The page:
Feeding the world’s growing population

New Zealand’s reputation as a quality food producer is growing.

Optimising food production

Over the next 50 years farmers around the world will need to produce more food than has been grown over the past 10,000 years.

Best use from a limited resource

Fertiliser helps farmers produce food efficiently by replenishing the soil. But fertiliser needs to be used responsibly.

Responsible and sustainable nutrient management

The Fertiliser Association invests in research and tools to ensure farm profitability while minimising nutrient losses to the environment.

The Fertiliser Association of New Zealand promotes and encourages responsible and scientifically-based nutrient management.

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Application accuracy

Fertiliser application must be confined to the desired application site. Fertiliser spread more widely is inefficient and potentially environmentally harmful. The person applying fertiliser shall ensure that it is applied as accurately as is reasonably possible. A clearly marked map showing buffer zones should help contractors ensure that non-target areas are not treated.

As well as keeping fertiliser to the target area, application needs to be even across this area at the desired fertiliser application rate. The potential evenness of application for any given fertiliser is affected by:

  • the physical form of the fertiliser
  • size guide number (SGN), uniformity index (UI) and bulk density (BD) of fertiliser mixes
  • the type of application equipment
  • application techniques
  • operational factors at the application site, including the weather (wind speed and direction)

The evenness of distribution is described using the coefficient of variation (CV%). This can be measured by catching fertiliser in collectors across the distribution area and weighing the fertiliser in each container.

CV is defined as:
standard deviation (of weight of fertiliser retained in each collector) ÷ mean weight across all containers and is expressed as a percentage.

A high CV indicates poor (uneven) spreading while a CV of zero indicates perfectly even spreading.

The target application rate should be chosen to meet the true plant nutrient requirements. Inappropriate application may increase the risk of adverse environmental effects and reduce production potential.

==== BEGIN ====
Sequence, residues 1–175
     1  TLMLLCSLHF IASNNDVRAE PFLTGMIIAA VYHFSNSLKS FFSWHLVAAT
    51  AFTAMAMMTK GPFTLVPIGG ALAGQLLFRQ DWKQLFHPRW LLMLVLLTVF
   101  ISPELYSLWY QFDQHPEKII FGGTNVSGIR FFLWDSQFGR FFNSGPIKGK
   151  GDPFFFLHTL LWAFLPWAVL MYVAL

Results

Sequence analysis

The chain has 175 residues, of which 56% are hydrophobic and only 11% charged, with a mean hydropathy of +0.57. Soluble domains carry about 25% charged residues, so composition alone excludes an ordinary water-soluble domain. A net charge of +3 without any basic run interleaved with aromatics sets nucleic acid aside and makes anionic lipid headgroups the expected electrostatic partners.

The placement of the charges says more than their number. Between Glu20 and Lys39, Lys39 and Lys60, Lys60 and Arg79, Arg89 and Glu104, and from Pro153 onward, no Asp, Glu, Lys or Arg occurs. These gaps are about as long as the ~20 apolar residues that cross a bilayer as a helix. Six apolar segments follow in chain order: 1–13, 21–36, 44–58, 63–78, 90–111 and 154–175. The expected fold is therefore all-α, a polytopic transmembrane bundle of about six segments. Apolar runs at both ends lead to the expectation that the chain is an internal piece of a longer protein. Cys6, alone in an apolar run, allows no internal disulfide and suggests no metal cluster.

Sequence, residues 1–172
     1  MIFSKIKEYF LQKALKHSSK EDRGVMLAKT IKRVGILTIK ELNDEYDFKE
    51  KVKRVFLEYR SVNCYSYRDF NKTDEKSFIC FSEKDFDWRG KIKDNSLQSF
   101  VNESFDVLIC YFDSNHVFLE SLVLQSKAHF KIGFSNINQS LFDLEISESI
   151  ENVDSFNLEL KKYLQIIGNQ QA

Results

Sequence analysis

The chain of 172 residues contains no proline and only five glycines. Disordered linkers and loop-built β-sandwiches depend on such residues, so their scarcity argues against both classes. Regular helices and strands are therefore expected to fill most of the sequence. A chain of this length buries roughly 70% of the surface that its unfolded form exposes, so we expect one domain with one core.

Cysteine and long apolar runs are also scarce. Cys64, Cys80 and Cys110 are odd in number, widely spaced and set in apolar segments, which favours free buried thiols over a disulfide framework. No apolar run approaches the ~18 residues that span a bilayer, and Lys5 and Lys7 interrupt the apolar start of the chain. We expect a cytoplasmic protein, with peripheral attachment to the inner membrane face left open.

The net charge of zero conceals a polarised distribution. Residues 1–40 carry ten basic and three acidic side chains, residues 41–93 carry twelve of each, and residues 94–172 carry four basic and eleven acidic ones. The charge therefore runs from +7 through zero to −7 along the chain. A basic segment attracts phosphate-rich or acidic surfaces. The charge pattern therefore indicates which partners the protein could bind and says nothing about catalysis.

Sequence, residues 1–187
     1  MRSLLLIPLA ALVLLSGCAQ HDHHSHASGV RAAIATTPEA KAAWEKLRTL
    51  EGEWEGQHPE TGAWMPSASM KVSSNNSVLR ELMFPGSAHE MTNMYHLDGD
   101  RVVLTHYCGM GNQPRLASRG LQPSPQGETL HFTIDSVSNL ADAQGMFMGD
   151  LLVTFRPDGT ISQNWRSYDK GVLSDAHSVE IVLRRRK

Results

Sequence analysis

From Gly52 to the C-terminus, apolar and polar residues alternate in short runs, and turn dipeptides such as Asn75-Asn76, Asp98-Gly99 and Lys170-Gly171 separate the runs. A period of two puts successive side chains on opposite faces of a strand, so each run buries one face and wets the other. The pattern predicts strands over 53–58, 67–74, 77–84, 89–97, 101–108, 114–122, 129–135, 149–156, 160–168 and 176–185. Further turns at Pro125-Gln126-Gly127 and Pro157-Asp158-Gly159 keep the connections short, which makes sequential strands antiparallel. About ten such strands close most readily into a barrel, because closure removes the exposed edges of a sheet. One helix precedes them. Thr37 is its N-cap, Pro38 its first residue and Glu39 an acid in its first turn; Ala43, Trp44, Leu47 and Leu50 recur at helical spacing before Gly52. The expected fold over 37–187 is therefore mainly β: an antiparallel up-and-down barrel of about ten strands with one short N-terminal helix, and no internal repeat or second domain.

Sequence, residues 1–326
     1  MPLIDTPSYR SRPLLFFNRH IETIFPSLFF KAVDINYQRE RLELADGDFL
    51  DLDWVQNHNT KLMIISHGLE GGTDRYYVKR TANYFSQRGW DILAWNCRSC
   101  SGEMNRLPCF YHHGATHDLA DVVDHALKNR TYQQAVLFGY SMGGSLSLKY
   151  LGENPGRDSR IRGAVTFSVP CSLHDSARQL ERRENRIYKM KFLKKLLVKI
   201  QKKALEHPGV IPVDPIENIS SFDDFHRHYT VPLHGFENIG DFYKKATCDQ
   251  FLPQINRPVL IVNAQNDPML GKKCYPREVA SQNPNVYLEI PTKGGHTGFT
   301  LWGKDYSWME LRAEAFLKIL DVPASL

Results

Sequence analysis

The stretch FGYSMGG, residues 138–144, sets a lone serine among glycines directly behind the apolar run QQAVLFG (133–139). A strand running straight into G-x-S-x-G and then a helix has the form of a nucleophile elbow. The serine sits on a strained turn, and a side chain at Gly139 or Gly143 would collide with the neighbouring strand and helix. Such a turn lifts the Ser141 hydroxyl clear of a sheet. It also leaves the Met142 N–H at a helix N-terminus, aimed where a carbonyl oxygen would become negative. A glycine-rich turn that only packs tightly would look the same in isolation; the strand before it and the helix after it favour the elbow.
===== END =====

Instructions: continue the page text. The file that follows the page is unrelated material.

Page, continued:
In New Zealand, the standards set under the Spreadmark Code of Practice for the Placement of Fertiliser allows for a single pass transverse spreading CV of no greater than 15% for nitrogen fertilisers and 25% for all other fertilisers. When making recommendations for the amount of fertiliser to be applied, fertiliser providers and consultants assume a CV of zero percent.

Modern technology, such as GPS and GIS systems, has enabled commercial fertiliser spreaders (ground and aerial) to achieve a high degree of fertiliser spreading accuracy. This technology enables spreaders to cover precise areas with minimal overlap or gaps between spreading runs and to achieve accurate buffers between target and non-target areas.

The Fertiliser Association of New Zealand and Dairy NZ funded development of the Nutrient Management Adviser Certification Programme (NMACP). This industry-wide certification aims to ensure that advisers have the learning, experience and capability to give sound nutrient advice.

Find out more

8 October 2018

New Zealand's agricultural industry is increasingly considering the challenges and opportunities of reducing greenhouse gas emissions.


5 September 2018

From having an internationally acclaimed research method named after him to running a highly successful research centre, Professor Mike Hedley can look back on his 40-year academic career with a huge sense of achievement.

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